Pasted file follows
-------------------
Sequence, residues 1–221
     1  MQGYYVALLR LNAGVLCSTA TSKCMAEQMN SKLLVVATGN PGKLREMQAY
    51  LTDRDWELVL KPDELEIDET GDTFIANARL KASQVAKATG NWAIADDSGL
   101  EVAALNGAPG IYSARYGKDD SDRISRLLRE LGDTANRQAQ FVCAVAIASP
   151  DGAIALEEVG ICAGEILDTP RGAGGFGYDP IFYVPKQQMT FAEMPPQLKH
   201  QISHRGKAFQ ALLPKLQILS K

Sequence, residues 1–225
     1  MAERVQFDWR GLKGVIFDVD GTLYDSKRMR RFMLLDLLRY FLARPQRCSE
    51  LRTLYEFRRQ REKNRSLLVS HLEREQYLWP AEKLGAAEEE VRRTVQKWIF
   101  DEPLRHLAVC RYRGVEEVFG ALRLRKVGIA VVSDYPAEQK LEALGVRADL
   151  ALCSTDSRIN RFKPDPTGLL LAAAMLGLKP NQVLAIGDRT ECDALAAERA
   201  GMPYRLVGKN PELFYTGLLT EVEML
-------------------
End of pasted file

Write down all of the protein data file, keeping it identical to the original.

Sequence, residues 1–221
     1  MQGYYVALLR LNAGVLCSTA TSKCMAEQMN SKLLVVATGN PGKLREMQAY
    51  LTDRDWELVL KPDELEIDET GDTFIANARL KASQVAKATG NWAIADDSGL
   101  EVAALNGAPG IYSARYGKDD SDRISRLLRE LGDTANRQAQ FVCAVAIASP
   151  DGAIALEEVG ICAGEILDTP RGAGGFGYDP IFYVPKQQMT FAEMPPQLKH
   201  QISHRGKAFQ ALLPKLQILS K

Sequence, residues 1–225
     1  MAERVQFDWR GLKGVIFDVD GTLYDSKRMR RFMLLDLLRY FLARPQRCSE
    51  LRTLYEFRRQ REKNRSLLVS HLEREQYLWP AEKLGAAEEE VRRTVQKWIF
   101  DEPLRHLAVC RYRGVEEVFG ALRLRKVGIA VVSDYPAEQK LEALGVRADL
   151  ALCSTDSRIN RFKPDPTGLL LAAAMLGLKP NQVLAIGDRT ECDALAAERA
   201  GMPYRLVGKN PELFYTGLLT EVEML